“I know you never want to talk to me again and I don’t blame you. I’m a total jerk and I know it. I don’t deserve you . . .”
Who was this from? I skimmed to the bottom. “Chris.”
Chris? He didn’t deserve me? The writing was cramped, itty bitty printing. I read the rest. “You probably don’t give a rat’s ass, but I’d at least like to apologize in person. Will you meet me before 6th period in the gym? It’s okay if you miss Skills for Living cuz girls already know how to cook.”
“If you don’t come I’ll understand. I’ll just leave your purse with Bruchac.”
My purse! Did he go back for my purse? All that way? How sweet. Thoughtful. Apologize. He wanted to apologize? For what? I studied the note, reread it, absorbed every word. I loved his handwriting. Before sixth period.
Sixth period? That was now.
The gym was cut in half by a rolling wall divider. The half I walked into was split again with a volleyball net. No Chris. I’d missed him. Panic rose in my chest. He’d given up on me. As I reversed direction to try the other side, a sound snagged my attention. Scraping. Clanging. Metal on parquet wood. I turned around. This ... this mechanical beast came barreling toward me. A full suit of armor: leggings, breastplate, helmet with feathered plumage.
My prince in shining armor, I thought. Stupid thought. The armor wasn’t shiny. It was tarnished and bent and falling apart at the seams.
The visor raised and Chris’s eyes twinkled at me. “Cool, huh?” he said.
I realized suddenly what the armor was about — he was protecting himself from me. He should. I was dangerous. “It looks hot,” I said.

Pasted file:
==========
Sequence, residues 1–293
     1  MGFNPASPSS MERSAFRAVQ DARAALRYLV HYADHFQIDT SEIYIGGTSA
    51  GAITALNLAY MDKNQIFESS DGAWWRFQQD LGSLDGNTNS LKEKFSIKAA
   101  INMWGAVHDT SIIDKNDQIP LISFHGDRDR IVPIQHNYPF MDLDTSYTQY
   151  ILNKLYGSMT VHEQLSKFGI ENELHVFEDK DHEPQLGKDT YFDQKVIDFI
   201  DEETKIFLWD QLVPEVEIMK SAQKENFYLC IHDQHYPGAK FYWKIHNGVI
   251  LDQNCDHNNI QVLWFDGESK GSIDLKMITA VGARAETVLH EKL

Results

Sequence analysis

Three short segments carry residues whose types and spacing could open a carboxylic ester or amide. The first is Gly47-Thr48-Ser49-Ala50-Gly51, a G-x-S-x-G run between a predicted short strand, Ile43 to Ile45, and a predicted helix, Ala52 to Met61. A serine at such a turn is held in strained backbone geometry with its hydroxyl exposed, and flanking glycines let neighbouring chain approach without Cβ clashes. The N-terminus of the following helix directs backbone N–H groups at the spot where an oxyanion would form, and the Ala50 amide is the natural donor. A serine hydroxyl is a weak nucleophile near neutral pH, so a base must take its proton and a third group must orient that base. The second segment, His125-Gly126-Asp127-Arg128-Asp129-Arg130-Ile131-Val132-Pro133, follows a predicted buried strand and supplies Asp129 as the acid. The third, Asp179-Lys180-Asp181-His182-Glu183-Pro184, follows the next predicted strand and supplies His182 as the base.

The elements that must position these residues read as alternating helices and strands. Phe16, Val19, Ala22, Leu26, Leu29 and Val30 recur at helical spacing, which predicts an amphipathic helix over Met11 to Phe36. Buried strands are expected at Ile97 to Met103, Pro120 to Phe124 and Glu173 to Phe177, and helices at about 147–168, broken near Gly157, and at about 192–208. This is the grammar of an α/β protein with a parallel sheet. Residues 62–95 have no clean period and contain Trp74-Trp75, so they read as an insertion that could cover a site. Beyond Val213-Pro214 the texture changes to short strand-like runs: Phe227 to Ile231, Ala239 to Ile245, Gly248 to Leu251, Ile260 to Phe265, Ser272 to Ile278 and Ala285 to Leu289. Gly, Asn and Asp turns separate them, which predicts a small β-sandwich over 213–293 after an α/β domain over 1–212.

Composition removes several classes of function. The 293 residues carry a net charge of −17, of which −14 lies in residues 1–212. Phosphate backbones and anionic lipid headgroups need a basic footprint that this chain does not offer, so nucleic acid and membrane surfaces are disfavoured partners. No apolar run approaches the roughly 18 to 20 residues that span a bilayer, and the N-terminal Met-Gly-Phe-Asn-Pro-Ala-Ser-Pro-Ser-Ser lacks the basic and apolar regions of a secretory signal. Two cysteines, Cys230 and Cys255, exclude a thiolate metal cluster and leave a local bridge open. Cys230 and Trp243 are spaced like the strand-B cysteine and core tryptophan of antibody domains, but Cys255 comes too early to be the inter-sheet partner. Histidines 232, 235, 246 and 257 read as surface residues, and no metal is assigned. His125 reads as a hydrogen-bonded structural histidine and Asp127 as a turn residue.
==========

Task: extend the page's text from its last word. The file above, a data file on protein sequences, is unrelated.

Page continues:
“It is. If I sweat any more, I’m going to rust shut.” He lifted off the helmet and smoothed down his hair. We stood for a moment in awkward silence. Then we blurted in unison, “I’m sorry.”
Chris frowned. “What are you sorry about? I’m the one who screwed up. I assume you got busted for getting back so late and that’s why you’re not talking to me. One of the many reasons.”
“I’m the one who got you busted,” I said. “I broke your car window. I scratched your CDs and made you get a speeding ticket.” I hurt your feelings, I didn’t say.
“You didn’t do anything, Regan. Here I am with this totally hot girl I’ve been trying to get to go out with me for weeks. She finally says yes and my crappy car falls apart, then my driving about fractures her skull. Denny the dickhead scares the shit out of you. I risk your life driving like a maniac. I ruin your clothes. I get you busted. Stupid. I’m so stupid. I’m a spaz.”
“No, you’re not. It’s my fault.”
“It is not.”
We looked at each other for a long minute, then cracked up.
Okay, it was funny, in a sadistic sort of way. But it felt good to laugh. In retrospect, the whole horror show played out like a comedy routine. Laurel and Hardy, the Two Stooges.
We stopped laughing, but couldn’t stop smiling at each other. It was making me warm. “You have my purse?” I said.
“Oh yeah.” He clunked a pivot. “This-a-way.”
I trailed him to the rear of the gym. “Did you know the theater prop room is back here?” he asked over his shoulder. “I found it just now when I was waiting for you.”